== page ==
[clug] ARS: Ubuntu 9.10 boot optimizations: 5 second startup with an SSD

Alex Satrapa alexsatrapa at mac.com
Thu Oct 1 18:14:39 MDT 2009

On 02/10/2009, at 08:30 , David Schoen wrote:

> Back when I still used Gentoo someone implemented a parallel boot ...

> If Ubuntu can do it in such a way that it works well enough first time
> around it may actually be adopted by the masses.

There was an article about very short boot times: http://lwn.net/Articles/299483/

Executive Summary:
1) Strip kernel down to absolute minimum needed to boot and launch init
2) Strip init-launched services down to Dbus, stripped-down X,  
sReadahead, HAL, udev, networking
3) Work to a blocks-read-in budget of 5 seconds x (disk read from  
platter kB/s).
4) Profile the system startup and put the most interesting blocks into  
the cache file used by sReadahead
5) Use a fast disk to boot

The modified version of X includes not invoking the C complier every  
time it boots (ie: use the keyboard mappings that worked the last time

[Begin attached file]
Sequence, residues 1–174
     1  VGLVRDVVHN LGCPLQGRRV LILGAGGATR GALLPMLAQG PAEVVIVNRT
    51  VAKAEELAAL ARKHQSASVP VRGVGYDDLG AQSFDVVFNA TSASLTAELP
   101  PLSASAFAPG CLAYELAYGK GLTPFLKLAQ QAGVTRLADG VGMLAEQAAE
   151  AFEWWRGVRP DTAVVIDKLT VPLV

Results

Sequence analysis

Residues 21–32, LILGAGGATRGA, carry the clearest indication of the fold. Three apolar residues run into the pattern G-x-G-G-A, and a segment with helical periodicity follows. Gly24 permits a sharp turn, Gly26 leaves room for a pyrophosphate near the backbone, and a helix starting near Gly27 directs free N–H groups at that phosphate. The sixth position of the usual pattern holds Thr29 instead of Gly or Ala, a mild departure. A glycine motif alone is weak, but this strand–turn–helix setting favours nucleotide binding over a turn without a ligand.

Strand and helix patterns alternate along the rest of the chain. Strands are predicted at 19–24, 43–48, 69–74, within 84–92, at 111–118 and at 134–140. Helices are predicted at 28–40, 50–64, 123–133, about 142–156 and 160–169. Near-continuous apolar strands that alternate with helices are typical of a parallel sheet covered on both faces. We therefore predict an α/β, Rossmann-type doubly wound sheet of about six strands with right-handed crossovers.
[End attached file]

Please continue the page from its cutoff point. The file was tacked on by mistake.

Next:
you booted this hardware).

They also boot directly into a user's desktop, since the budget was 5  
seconds to boot a usable system.  They also wanted to avoid "dirty  
tricks" like booting the user's desktop and continuing to start  
services (ie: heavily load the system) in the background.

I'll add here my observation that "sleep" or "hibernate" actually  
takes longer to boot since you're potentially reading all of RAM from  
disk (eg: if you have 4GB of RAM, and a disk that handles 30MB/s,  
you'll be waiting a touch over 2 minutes to wake from hibernate).   
There was another article I was reading by someone who suggested that  
if you could make your applications all able to recover cleanly from a  
crash (ie: save the do/undo buffer to disk regularly), it would  
actually be more sensible to simply "crash to sleep" and reboot from  
scratch when you wake the computer.  After all, what's the point of  
writing all the buffers and cache from memory out to the hibernate  
file?  Fsync, then stop the processor - save two minutes of battery  
life every time the user closes the lid.

A 5 second boot is not using parallel booting. Parallel booting  
reduces a 1 minute boot time to 30 seconds - the bottleneck is reading  
heaps of redundant data from disk.

Hope this helps.

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